Roundtable: March Madness Predictions


It is that time of year again: March. Each year, the sports world stops and plants its focus on the NCAA men’s basketball tournament – and for good reason. The tournament yields wild result after wild result, year after year. We’ve seen game-winning buzzer beaters in the championship game, Cinderella runs and even a 16-seed upset a 1-seed. With a week before the Madness begins, the DC Sports Staff gives its predictions for this year’s field of 68. 

Danny Barletta 

Staff Writer 

March Madness is the greatest event in sports, and I am even more excited about it this year than in years past. It’s been a season with so many surprises. There are more good teams than I’ve ever seen, but not that many great ones. That is a formula for absolute pandemonium in the next four weeks. My pick to win it all this year is Florida State. In a season with very little consistency, the Seminoles have been consistently really good. While they never topped any polls, they have just done their job all year and finished with a 26-5 record and their first ACC regular season title ever. Florida State has a balanced attack on offense and doesn’t depend on any specific player. Whether it’s Devin Vassell, Trent Forrest or Patrick Williams, the Seminoles can get their scoring from anyone on the court, which is key in March. They’ve played and beaten good teams all year, and that is why I will be picking Florida State in my bracket this year. 

Story Salit  

Campus Correspondent 

The top teams in college basketball this season have struggled to consistently dominate, so this year I’m picking a bit of a surprise squad. While Kansas has looked to be the favorite of late and Dayton certainly has proven to be no joke as they move up onto the No. 1 seed line, I’m going with Creighton. The No. 7 ranked Bluejays claimed the Big East regular season title over runner-up Seton Hall on Sunday and looked like possibly the most dangerous team in the country for much of the game. They boast a three-headed monster of guards Marcus Zegarowski, Ty-Shon Alexander and Mitch Ballock, all experienced players who can score and create at will. The Bluejays do lack size and depth, but they shoot lights out as a team. I expect that Villanova or Providence will win the Big East tournament with Zegarowski sidelined with a minor knee injury, but do not sleep on Creighton as a serious national title contender considering they won the regular season title in the second-deepest conference in the nation.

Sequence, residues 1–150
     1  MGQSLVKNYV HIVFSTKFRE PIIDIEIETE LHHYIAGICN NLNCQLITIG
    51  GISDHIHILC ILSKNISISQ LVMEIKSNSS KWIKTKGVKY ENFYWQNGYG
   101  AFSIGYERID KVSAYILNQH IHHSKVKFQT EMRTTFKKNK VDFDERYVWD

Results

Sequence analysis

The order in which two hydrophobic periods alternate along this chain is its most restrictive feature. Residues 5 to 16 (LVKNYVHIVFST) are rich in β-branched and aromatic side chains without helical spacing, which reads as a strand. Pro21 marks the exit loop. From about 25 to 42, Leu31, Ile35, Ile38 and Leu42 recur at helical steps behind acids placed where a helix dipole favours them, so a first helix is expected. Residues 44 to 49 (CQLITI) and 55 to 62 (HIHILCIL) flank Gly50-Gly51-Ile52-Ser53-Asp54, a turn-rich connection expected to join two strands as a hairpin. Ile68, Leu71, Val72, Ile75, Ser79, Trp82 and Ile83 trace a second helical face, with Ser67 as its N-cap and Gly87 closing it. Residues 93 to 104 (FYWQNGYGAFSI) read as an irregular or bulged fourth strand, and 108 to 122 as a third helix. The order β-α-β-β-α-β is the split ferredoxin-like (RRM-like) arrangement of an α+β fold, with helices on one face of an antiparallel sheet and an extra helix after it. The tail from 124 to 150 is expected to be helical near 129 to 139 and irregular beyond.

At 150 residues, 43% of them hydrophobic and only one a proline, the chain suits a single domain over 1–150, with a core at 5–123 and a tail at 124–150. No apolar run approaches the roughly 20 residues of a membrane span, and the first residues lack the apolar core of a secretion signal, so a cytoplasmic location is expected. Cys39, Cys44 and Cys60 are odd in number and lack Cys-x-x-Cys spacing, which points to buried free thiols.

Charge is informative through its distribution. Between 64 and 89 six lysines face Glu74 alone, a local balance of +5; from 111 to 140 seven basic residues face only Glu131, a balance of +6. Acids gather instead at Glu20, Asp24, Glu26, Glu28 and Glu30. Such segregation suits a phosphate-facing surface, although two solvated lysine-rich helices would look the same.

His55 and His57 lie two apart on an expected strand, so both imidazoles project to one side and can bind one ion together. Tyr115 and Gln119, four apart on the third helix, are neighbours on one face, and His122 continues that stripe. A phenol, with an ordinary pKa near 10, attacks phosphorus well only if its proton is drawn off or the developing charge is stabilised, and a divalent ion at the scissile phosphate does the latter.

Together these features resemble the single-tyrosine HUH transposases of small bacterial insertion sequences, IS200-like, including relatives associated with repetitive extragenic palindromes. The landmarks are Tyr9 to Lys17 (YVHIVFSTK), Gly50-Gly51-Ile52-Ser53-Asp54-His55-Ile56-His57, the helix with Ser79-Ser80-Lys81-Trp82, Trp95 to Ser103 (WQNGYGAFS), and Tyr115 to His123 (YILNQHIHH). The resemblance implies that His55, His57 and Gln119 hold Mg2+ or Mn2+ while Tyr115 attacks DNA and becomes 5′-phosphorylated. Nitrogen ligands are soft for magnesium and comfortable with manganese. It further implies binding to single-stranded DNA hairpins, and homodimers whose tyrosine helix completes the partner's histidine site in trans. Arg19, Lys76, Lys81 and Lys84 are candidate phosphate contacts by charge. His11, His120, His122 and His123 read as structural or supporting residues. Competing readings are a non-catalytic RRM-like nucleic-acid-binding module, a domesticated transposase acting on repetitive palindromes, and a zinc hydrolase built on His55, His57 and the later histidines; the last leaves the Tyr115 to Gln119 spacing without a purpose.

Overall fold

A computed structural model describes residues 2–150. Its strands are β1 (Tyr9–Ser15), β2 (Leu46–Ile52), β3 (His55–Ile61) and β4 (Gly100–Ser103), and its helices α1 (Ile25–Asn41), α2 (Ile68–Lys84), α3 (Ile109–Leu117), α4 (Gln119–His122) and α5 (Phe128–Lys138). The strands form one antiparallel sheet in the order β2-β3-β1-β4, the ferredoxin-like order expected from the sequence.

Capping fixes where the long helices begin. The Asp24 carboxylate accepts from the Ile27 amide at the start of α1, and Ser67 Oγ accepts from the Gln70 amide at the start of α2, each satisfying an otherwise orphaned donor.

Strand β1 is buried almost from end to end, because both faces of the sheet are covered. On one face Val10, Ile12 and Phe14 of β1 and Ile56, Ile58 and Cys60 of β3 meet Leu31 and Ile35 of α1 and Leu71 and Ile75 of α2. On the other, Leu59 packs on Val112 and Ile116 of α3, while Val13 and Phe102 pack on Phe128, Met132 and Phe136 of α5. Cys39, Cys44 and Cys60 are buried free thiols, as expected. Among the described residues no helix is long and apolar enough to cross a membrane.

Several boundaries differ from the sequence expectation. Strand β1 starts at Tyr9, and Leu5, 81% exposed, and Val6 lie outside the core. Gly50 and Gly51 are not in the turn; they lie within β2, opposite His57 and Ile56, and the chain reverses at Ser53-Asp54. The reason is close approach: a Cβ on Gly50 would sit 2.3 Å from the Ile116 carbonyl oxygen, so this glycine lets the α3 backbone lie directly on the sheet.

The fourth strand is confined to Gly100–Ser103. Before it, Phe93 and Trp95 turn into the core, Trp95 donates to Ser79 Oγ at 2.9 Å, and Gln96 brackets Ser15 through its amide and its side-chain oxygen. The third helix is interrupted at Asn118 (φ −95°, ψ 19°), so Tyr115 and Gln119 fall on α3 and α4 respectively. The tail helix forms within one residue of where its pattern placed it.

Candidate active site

Conner Gilson 

Staff Writer 

A wise man once said, “March Madness is the greatest event in sports.” And if you are having déjà vu, that is because that man is Danny Barletta, who said that exact phrase about 350 words ago. But seriously, nothing gets my blood pumping like the buzzer beaters, Cinderella stories and overall atmosphere that March Madness provides. But as much as I love a good upset, I’m going to have to be boring this time around and pick Kansas as my favorite to win the title. The Jayhawks entered the season as the preseason No. 1, but that title was quickly stripped from them after losing their season-opener against Duke. Since that game, though, they went 29-2, with their other losses being a one-point defeat against Villanova and a loss to Baylor, who they would later beat in the rematch. Led by Devon Dotson and Udoka Azubuike, who ranks in the top-20 in college basketball in both rebounds and blocks, Kansas represents one of the more well-rounded offenses in the league, with multiple weapons that can hurt you in multiple ways. The Jayhawks are many people’s favorites to win it all, and they have convinced me of the same, but I would not be upset at all if I was proved wrong. In fact, I’m hoping I am.